If your lordship should not be satisfied with the note to Count Montgelas, let me request you to recollect the difficulties which always attend the combining a joint representation. The instructions of the Prussian Ministry are considerably stronger than mine or those of Count Pahlen. He is not confined to amicable representations; and it was only by obtaining the omission of several sentences which he wished to insert, that we could succeed in avoiding all language which might bear a hostile interpretation. This was my principal object, as it will always be in your lordship's power to strengthen the interference, if you should deem it expedient, and as I am convinced that a change in the policy of this Government can only be arrived at by the determination of the three Courts to support the line they have adopted, and not by the strength of the language employed by their Ministers.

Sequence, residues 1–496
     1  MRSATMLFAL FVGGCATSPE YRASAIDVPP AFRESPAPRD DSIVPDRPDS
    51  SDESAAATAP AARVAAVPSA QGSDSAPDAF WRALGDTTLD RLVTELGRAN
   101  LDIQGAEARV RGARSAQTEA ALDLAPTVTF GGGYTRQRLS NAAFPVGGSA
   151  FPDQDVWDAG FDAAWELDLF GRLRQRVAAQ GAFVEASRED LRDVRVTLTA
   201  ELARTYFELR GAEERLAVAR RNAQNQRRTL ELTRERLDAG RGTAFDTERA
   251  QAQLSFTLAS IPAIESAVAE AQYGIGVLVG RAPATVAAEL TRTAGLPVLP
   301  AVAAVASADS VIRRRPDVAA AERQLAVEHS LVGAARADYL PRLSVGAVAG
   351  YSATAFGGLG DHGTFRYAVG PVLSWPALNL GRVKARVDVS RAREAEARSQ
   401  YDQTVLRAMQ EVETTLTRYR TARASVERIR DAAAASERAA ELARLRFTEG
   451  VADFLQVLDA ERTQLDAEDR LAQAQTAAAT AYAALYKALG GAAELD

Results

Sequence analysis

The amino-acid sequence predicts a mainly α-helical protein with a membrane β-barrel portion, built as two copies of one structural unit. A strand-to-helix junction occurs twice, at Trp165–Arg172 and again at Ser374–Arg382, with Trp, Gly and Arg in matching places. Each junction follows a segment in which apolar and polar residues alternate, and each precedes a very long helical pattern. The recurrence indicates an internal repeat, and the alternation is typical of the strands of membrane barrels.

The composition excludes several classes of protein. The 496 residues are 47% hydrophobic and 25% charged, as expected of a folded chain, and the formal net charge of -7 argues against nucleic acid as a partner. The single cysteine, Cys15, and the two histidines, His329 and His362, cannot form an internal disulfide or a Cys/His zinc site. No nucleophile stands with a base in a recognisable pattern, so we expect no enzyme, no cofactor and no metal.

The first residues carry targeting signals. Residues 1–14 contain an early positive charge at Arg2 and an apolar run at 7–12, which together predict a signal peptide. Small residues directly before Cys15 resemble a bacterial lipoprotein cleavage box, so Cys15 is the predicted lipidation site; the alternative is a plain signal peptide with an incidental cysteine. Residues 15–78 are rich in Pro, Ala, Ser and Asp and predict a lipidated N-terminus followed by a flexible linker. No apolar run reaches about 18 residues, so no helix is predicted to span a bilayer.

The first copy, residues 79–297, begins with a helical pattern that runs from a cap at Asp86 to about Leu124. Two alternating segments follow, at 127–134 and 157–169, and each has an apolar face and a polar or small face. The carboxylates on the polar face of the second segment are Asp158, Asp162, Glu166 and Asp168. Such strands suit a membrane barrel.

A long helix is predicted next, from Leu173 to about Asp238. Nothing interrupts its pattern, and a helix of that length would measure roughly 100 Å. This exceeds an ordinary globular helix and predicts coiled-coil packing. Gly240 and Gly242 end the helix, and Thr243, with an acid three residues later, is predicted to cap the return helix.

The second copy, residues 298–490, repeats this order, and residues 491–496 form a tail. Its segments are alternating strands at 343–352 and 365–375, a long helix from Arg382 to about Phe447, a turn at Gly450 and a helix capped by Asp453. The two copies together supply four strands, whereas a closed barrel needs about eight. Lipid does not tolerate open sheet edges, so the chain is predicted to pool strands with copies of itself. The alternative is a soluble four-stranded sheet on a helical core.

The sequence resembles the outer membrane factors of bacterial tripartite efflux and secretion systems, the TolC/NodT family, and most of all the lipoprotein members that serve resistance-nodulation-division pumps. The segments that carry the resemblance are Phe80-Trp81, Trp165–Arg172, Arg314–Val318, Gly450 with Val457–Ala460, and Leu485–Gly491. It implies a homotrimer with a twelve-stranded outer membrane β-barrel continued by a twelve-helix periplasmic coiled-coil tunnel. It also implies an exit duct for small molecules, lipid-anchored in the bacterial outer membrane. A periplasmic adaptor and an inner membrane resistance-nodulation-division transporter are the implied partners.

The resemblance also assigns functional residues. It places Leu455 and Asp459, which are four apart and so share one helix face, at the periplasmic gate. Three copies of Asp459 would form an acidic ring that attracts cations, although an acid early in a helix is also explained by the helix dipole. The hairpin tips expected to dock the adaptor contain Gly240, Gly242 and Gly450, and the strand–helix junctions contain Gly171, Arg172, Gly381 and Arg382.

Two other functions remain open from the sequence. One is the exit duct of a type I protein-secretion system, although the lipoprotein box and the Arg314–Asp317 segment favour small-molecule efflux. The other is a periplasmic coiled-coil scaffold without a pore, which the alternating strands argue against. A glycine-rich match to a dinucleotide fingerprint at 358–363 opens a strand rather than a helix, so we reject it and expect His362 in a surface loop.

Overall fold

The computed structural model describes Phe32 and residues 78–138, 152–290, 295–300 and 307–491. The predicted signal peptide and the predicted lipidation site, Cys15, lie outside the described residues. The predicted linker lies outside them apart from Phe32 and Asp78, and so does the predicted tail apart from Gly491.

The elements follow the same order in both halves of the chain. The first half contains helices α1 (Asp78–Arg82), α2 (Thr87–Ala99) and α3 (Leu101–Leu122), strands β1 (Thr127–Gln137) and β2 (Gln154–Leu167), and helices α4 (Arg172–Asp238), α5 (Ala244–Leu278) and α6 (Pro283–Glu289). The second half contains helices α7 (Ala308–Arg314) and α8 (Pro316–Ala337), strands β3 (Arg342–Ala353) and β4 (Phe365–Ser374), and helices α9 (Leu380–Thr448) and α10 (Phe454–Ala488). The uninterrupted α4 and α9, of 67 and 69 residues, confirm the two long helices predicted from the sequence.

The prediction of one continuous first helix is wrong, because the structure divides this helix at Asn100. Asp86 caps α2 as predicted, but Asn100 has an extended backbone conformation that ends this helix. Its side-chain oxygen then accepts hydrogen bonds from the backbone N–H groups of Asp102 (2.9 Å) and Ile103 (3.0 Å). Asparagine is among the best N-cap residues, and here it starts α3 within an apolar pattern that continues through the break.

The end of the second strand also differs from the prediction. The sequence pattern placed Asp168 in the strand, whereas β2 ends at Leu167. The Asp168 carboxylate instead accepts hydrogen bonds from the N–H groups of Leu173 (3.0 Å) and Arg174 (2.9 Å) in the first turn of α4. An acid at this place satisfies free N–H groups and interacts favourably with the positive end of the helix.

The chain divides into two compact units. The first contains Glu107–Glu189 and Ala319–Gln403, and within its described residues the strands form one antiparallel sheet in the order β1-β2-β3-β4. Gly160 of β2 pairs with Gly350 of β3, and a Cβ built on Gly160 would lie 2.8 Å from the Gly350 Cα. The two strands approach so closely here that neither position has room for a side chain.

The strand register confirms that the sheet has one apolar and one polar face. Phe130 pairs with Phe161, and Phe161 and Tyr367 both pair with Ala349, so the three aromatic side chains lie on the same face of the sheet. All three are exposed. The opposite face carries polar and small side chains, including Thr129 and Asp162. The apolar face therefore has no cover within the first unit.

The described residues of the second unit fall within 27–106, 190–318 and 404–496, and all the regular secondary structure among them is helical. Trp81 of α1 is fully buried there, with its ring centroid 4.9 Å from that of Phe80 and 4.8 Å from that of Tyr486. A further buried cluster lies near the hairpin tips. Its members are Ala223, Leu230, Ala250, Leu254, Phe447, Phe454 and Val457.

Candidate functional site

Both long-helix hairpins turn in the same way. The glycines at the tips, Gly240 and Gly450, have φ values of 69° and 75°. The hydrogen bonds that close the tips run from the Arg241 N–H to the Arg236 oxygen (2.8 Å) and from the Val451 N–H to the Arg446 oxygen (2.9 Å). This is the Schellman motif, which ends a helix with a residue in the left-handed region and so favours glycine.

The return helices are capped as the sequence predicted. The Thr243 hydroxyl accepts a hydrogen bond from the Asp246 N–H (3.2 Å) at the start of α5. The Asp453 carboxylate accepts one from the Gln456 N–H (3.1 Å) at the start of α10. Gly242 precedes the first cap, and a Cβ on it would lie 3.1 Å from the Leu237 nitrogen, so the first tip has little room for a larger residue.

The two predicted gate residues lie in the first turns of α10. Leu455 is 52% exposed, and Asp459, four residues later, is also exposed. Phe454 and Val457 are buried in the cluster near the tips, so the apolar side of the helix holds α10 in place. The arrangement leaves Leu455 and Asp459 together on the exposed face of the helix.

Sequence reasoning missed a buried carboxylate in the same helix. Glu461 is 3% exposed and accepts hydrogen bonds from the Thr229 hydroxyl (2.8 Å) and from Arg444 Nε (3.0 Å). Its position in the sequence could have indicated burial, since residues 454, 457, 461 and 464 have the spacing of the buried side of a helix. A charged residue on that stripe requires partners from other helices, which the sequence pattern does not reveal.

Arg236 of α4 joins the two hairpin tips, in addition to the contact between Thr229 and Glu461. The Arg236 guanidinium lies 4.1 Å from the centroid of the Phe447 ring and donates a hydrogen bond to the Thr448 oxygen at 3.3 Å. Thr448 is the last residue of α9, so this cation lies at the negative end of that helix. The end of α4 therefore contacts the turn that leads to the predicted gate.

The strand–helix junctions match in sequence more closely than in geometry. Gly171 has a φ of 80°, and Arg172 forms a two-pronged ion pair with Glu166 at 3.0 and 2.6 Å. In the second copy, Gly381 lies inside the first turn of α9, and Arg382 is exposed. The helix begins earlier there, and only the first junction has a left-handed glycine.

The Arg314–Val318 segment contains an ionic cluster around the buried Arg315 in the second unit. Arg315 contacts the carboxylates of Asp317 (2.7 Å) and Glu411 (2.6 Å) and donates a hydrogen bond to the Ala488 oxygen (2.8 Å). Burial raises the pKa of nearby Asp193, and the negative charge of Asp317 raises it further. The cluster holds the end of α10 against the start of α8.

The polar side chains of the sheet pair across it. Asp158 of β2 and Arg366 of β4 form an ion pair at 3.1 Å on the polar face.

The Russian and Prussian Ministers have agreed with me to demand a conference of M. de Montgelas, in order to take advantage of the concluding sentence of his Note, by desiring him to state what are the expedients which Bavaria will admit of, in order to reconcile the existing differences. As Austria has already made repeated propositions, it appears equally regular and reasonable that Bavaria, if she is really animated with a desire to conciliate, should, in her turn, propose a basis of negociation. I have no expectation that it will either be such a one as Austria will accept, or as, under our instructions, we can propose to her: but we may thereby succeed in throwing the difficulty upon Bavaria; and, if her propositions are unreasonable, the case of Austria will be strengthened, and a better ground of argument prepared than, I think, we at present possess.